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Protecting Your Medical Privacy

By Sue A. Blevins
Summer 1998

At a recent workshop for think-tank leaders, I asked a group of free-market advocates, "How many of you would want to be cloned?" Only one out of some seventy-five answered in the affirmative. When asked, "How many of you would support a ban on cloning?" only three individuals raised their hands. This informal poll posed an interesting dilemma: How does one prevent being cloned if there is no ban on cloning or prohibition on the collection of genetic information?

Part of the answer lies in medical privacy. One way to ensure that genetic information is not used without permission is to allow individuals to keep their medical records, including genetic information, private. That means Americans should not be forced to use a "unique health identifier." The Health Insurance Portability and Accountability Act of 1996 allows the federal government to create a new electronic database and to record in it a unique number for each American. The identifier would permit the federal government to tag, track, and monitor individuals' medical records. Supporters tout it as an efficient way to bill for health care services, standardize medical information, and give doctors greater access to patient records in emergencies.

But the road to abuses of genetic material runs through this bureaucratic mandate. The database makes all individual medical information available to the government. That could include patient tissue sample data. The assumption is that only essential data will be collected. But would it truly stay limited?

Consider an analogy. In order to apportion electoral votes among the states, the Constitution authorizes the federal government to conduct a census. All Washington needs to know for that purpose is an individual's name and place of residence. But census forms not only ask gender, age, and ethnic group, they seek information about how many bedrooms you have, how much you spend to heat your house, and other questions that have no relevance to the allotment of congressmen. The government and special interest groups comb through the information looking for excuses to create new programs, and businesses want the data for marketing purposes.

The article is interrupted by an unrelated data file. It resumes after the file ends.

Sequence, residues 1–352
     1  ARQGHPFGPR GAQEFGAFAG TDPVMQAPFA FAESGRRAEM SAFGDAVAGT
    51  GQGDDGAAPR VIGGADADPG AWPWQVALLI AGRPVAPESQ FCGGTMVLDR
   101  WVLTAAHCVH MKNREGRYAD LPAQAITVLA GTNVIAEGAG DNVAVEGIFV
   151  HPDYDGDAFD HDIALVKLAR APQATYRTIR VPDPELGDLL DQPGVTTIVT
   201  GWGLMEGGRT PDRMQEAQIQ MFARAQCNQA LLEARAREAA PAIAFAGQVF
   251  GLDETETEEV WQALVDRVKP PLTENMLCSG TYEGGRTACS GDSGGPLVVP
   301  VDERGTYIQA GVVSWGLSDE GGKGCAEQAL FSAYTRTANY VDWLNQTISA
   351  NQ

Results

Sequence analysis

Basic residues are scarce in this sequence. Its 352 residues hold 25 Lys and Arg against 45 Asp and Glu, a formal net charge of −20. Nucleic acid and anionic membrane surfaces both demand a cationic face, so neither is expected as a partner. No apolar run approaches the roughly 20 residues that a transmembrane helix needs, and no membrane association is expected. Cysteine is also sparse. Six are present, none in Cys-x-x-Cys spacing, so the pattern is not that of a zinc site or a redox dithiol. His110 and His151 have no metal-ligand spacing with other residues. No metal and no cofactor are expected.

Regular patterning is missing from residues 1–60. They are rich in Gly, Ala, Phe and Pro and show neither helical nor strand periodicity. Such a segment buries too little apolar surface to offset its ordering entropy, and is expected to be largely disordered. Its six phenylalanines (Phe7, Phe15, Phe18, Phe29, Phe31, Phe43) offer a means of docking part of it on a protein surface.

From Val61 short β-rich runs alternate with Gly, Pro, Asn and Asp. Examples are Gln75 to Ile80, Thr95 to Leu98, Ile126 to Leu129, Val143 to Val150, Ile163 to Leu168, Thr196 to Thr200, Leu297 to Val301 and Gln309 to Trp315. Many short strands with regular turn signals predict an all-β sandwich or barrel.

It can be expected that medical data will increasingly be used for those purposes as well. And useful medical research often requires access to the entire medical history of many individuals. ("What percentage of individuals over fifty years old had both ailment X and Y?")

As Dr. Bernadine Healy, former director of the National Institute of Health (NIH) recently pointed out, the patient identifier violates the fundamental ethical principle of research involving human subjects: informed consent. "Patients used in research must be informed, must understand any potential risks and benefits, and must voluntarily agree to participate," Dr. Healy says. "Patients may not be coerced into participating in research, and may not be deprived of care if they refuse. But with the federal database, patients do not have the choice of participating or not participating in research; all medical treatment becomes research data."

Further, as the NIH budget grows, its appetite for medical data will grow with it-meaning the new database will get heavy use. Congress plans to increase the agency's FY 1999 budget by $1.24 billion to a total of $14.8 billion-a 9.1 percent increase and $99 million more than President Clinton requested.

Congress might also undercut medical privacy through the Republican's so-called "Patient Protection Act." It would preempt thirty-five state laws protecting the confidentiality of medical information. While in some cases individuals might be better protected, in others, a diluted federal law will replace strong state laws. That is no way to protect patients.

Forcing Americans to share their personal medical information strips them of their right to privacy. As the ACLU's legislative Counsel Solange Bitol says, "Our laws are more protective of video rentals and the books we check out from the library than they are of our medical records."

Instead of regulating the "protection" of medical information, Congress should stop government information collection. Individuals could then protect themselves with private contracts that would state clearly whether patients permit the sharing of information for biomedical research. There need be no conflict between patient privacy and medical advancement. The key is the constitutional protection of medical privacy.

This article was originally published in the Cato Institute's journal Regulation, Volume 21, Number 3, Summer 1998.